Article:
Many conservatives are fixated on the the 47 percent of Americans (probably closer to 46 percent this year) who don’t pay income tax. To the extent that this is a rhetorical point against liberal arguments that the rich are undertaxed, it is worthwhile. I can also understand concerns about people voting for big government without paying for it, though one can be a net beneficiary of federal spending even if they pay some amount of income taxes.
The Reagan and Bush tax cuts dropped millions of Americans from the income tax rolls altogether. So did the child tax credit passed by the Gingrich Congress, later expanded by Bush. Bush also cut the bottom tax rate from 15 percent to 10 percent. These middle-class tax cuts for families wiped out some families’ income tax liability entirely. Others don’t pay income tax because of their untaxed Social Security benefits. Conservatives supported all of these policies. The earned income tax credit is another contributor to non-payment; it is more controversial among conservatives, but it has had Republican support in the past and has something of a conservative pedigree.Continue reading…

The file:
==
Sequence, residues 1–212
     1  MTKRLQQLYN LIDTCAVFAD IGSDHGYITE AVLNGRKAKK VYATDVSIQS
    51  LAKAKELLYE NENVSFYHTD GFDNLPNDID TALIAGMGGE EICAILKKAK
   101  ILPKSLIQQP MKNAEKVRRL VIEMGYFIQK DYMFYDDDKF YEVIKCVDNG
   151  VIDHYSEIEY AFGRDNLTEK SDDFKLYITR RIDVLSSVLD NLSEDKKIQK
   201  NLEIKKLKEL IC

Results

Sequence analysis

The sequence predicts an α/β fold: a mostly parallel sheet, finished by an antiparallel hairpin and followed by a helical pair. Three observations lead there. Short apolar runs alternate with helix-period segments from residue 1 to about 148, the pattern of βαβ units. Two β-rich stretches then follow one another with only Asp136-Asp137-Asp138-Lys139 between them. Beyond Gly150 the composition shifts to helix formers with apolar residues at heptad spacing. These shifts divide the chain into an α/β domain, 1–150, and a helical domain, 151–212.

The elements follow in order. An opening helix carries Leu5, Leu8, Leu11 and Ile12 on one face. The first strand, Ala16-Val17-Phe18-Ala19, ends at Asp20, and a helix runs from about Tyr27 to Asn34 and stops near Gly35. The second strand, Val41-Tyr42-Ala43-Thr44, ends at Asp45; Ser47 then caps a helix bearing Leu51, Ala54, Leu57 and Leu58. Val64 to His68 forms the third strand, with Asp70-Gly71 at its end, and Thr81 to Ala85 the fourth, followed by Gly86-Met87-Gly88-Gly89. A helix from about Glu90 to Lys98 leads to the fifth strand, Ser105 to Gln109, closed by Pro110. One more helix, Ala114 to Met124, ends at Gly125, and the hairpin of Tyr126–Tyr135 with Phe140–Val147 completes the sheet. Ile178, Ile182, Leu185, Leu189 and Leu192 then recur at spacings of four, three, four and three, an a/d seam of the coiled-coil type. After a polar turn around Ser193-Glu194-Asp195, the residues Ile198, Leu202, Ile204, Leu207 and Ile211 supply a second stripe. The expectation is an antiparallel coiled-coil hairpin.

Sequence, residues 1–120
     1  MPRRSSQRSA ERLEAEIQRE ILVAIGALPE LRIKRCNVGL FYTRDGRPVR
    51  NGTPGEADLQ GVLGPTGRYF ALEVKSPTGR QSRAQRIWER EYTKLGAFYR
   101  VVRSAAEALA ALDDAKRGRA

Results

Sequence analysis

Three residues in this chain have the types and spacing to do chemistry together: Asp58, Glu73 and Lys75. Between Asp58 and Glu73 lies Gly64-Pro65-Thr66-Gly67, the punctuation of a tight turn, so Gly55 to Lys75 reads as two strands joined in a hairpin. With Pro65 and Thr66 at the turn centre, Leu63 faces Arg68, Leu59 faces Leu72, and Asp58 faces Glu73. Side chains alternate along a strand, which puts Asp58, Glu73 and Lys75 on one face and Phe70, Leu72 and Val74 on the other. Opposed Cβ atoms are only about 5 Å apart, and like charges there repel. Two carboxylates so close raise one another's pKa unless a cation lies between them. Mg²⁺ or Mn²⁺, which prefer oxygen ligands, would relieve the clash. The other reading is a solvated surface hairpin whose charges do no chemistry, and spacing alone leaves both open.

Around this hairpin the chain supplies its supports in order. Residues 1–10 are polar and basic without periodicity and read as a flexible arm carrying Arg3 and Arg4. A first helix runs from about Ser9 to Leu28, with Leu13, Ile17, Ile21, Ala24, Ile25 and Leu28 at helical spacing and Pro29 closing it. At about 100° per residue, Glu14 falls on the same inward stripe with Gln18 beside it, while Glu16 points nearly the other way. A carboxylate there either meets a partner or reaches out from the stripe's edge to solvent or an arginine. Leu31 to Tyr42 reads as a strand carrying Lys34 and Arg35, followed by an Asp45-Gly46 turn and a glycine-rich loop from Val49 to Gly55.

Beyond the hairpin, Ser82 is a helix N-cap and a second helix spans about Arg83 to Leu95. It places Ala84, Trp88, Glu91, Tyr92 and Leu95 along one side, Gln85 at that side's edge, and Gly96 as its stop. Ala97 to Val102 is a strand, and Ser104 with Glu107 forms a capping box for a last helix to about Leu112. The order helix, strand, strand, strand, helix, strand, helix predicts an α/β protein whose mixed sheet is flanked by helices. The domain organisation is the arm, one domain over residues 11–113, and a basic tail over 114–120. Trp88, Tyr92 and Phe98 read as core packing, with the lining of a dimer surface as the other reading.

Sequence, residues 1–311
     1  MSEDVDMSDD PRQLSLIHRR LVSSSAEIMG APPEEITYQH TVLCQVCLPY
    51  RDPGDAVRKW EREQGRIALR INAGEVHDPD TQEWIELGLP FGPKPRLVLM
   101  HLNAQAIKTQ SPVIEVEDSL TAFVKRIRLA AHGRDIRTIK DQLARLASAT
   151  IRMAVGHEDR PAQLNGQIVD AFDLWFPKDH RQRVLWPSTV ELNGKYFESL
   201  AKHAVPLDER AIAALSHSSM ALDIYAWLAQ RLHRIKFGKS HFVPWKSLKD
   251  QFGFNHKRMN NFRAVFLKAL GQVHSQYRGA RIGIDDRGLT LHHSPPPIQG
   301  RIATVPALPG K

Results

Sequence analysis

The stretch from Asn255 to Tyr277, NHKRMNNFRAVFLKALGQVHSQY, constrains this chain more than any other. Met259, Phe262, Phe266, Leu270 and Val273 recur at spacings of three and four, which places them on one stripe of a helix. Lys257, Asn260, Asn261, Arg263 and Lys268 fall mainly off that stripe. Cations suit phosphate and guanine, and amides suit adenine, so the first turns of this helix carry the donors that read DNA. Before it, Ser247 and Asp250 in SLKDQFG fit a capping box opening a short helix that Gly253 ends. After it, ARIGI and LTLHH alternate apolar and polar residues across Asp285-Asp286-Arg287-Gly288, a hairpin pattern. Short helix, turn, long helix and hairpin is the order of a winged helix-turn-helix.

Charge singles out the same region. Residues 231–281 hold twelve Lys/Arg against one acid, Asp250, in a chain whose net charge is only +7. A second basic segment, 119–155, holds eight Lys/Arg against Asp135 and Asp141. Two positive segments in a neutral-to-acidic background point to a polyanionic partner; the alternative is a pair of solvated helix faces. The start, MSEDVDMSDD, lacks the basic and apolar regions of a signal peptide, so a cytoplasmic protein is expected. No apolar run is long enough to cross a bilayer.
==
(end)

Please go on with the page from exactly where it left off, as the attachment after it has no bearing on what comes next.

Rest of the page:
If politics makes for strange bedfellows, then it’s anybody’s guess what who waking up next to whom in Cairo these days. Cloudbursts of tear gas hang low over a third day of violent protest, where political activists, Islamists and a unique brand of Egyptian soccer hooligan known as “the Ultras Awlawy” have battled the state’s Central Security Forces (CSF) — a paramilitary force supervised by the parochial Ministry of the Interior.
According to the Health Ministry, 23 people have been killed and more than 1,500 injured during reinvigorated protest movement that has prompted suggestions that Cairo may be cresting on the verge another revolutionary wave. The CSF have assumed the role of state-sanctioned head-crackers, and they seem to enjoy their work.
In more peaceful times, the CSF protected embassies and public infrastructure, while assisting with traffic direction and crowd control. Since their formation in 1977, the organization has swollen to 300,000 members following Mubarak’s emergence as dictator-in-chief. The government had hoped that the CSF would counterbalance the conscription military’s people power, but the force never served such a function.
That is, until now.